"They had to."
"And has no one been watching her since then?"
When he shook his head, Nancy turned, dropped her bag, and began to run down the hall. Ned leaped gymnastically over the counter and followed in her wake, making up ground with his long strides. Nancy pushed on the door to Lucy's room. It didn't open!
Ned, by now at the frantic girl's side, pressed all the weight of his sturdy, athletic frame on the resisting portal. Nancy contributed her widow's mite by his side. After three attempts the door gave in, so suddenly that Nancy was hurled across the room and fell on the floor next to the bed. She quickly rolled over and looked up. To her immense horror, there were feet dangling just above her head!
Before she could shout for help, Ned was supporting the hanging girl, taking the weight of her body off of the cord that was slowly strangling the life out of her. Nancy sprang to her feet and helped to free Lucy's neck. Together they laid Lucy upon the bed and called for assistance. As the emergency team entered, Nancy, not wanting to be in the way, slipped out into the corridor and went to haunt the waiting room. She knew that Ned would look for her there as soon as he had any news.
Nancy was seriously disappointed in the clinic. Lucy had been sent there for her protection, and the carelessness of the staff had let the poor girl down. She should have been more carefully watched, especially after such dreadful news as the doctor had given her. After a time Nancy's anger gave way to her worry and concern about the victimized girl's fate. She paced the room, her heels busily clacking on the parquet floor like hastily played mah jong tiles.
After what seemed to the impatient and anxious sleuth an age, but was only half an hour, Ned came to meet her.
"She will be all right," he announced soothingly.
"You mean she is currently alive," corrected Nancy aggressively.
"Yes. And she is under sedation."
"But what about tonight and tomorrow? What about tomorrow night and the day after that? How will we keep her alive then? What will you do when the sedation wears off?" she persisted. "You can't make her sleep indefinitely."
"We will do our best. She will be put on suicide watch. We will use a television screen to monitor her at the nursing station at all times."
"Why wasn't this done before?" asked Nancy accusingly.
"She showed no signs. There was no cause for such concern."
"But you, Ned-you should have known that the situation had changed. You were specially briefed by my father."
"I had only just come on my shift," he explained. "I hadn't had a chance to read the charts."
Her beau looked so concerned and contrite that Nancy could not long remain angry with him. She was actually more frightened than mad. It had been such a close thing. What if she had chatted longer with the receptionist? What if Cherry Ames had been at leisure to pass the time of day? What if she had been in the mood to tease Nurse Ned a moment longer? If they had come to Lucy's rescue even a minute later, the poor, afflicted girl might be dead. Nancy shook with shame to think that her own frivolity could easily have led to a young girl's death.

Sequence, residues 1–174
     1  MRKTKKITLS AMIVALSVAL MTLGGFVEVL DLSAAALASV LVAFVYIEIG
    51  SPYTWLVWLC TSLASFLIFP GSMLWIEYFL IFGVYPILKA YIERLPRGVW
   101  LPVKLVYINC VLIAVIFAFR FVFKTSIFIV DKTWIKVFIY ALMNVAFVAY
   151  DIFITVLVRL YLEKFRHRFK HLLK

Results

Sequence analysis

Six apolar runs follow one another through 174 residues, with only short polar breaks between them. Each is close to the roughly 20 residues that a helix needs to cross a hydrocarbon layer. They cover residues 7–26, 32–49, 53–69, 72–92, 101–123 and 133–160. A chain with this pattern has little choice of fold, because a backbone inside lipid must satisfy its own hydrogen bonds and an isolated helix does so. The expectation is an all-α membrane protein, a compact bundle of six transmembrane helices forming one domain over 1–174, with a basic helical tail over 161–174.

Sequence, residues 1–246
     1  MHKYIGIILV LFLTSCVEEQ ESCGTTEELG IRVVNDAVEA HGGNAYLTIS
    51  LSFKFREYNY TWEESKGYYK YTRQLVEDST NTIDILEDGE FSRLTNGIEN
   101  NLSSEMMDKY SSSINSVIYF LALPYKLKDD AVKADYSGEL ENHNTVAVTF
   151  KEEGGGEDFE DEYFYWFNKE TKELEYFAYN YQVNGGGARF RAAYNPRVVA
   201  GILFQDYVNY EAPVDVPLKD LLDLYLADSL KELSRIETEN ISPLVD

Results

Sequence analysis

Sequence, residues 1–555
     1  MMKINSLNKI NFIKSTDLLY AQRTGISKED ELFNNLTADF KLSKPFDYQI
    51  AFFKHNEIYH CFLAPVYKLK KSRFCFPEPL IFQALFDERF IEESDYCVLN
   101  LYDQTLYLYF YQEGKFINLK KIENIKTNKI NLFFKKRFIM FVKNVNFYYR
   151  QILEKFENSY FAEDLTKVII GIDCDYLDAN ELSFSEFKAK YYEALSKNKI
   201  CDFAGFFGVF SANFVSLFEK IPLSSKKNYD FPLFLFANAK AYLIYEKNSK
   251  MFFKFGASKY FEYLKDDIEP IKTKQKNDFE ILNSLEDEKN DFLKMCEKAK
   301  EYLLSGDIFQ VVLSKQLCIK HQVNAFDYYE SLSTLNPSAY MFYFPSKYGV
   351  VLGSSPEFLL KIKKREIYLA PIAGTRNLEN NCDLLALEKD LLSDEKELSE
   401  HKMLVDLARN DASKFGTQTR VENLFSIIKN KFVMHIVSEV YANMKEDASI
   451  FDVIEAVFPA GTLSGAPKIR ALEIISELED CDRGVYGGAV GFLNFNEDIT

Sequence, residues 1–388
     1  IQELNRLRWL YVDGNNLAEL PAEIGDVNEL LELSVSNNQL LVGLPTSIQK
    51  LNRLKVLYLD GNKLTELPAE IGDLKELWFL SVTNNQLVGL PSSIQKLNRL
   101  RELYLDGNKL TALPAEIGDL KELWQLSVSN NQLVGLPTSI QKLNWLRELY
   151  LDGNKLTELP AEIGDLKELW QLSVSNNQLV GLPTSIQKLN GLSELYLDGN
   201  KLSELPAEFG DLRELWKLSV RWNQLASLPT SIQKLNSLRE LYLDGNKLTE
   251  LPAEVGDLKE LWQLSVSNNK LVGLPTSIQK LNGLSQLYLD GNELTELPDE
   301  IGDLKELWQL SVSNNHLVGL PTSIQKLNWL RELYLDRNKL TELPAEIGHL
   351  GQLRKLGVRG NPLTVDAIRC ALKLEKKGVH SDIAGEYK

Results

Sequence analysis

Back at home that night she confessed her fault to her father. Carson Drew was not impressed with the magnitude of her sin. He was, rather, disposed to view Nancy's role in the affair in quite another light.
"Nancy, you are a hero. You saved a girl's life!"
That turned out to be her chums' opinion as well, when she saw them the next day. George was impressed with Nancy's quick thinking. Bess was inclined to think that Nancy must have been brave just to maintain consciousness for a moment in a room that contained an asphyxiating girl hanging like a side of beef from a hook in the ceiling.
"I'll bet you felt queasy right afterward," George ventured.
"I would have been awfully sick had I been there," offered Bess.
As the conversation progressed Nancy, whose stomach had actually behaved like a trooper the previous day, was beginning to feel a little green about the gills. After her friends departed Nancy was forced to repair to the kitchen to self-administer one of Hannah Gruen's old home remedies.
The day after that the three girls went together to visit Lucy at Shady Rest.
When they got to the nursing station, Ned was not there. Another nurse, Sandy, a cherubic middle-aged woman in teddy-bear scrubs, told them to wait. Nancy was pleased to notice that every minute Sandy glanced over to the monitor that displayed Lucy's room. When Ned arrived and saw all three girls there, bearing packages as if for a friendly and social visit, he immediately took them aside into a waiting room.
"I'm afraid that what I have to tell you will be disappointing. You can't help Lucy by visiting today. You won't want to see her either." He hesitated. "She won't be much company for you and you won't be for her." There was another pause before Ned concluded. "She doesn't speak or respond in any way. She just sits there and seems not to notice anyone or anything. She is catatonic."
Nancy was stunned. Ignoring her pals she slowly walked down the hall to Lucy's room. When she entered, Nancy observed that Lucy stared straight ahead at an empty spot on the wall. When the sleuth walked back and forth in front of that spot the deranged victim's pupils did not deflect one iota. Nancy pulled up a chair and faced her client just a few feet away, staring into her living, but lifeless face. A fly crawled casually and unafraid on Lucy's nose. There was not even a reflexive twitch on that pallid skin. When Nancy broke into convulsive sobbing, the silent patient made no sign whatsoever that she noticed her comforter's distress.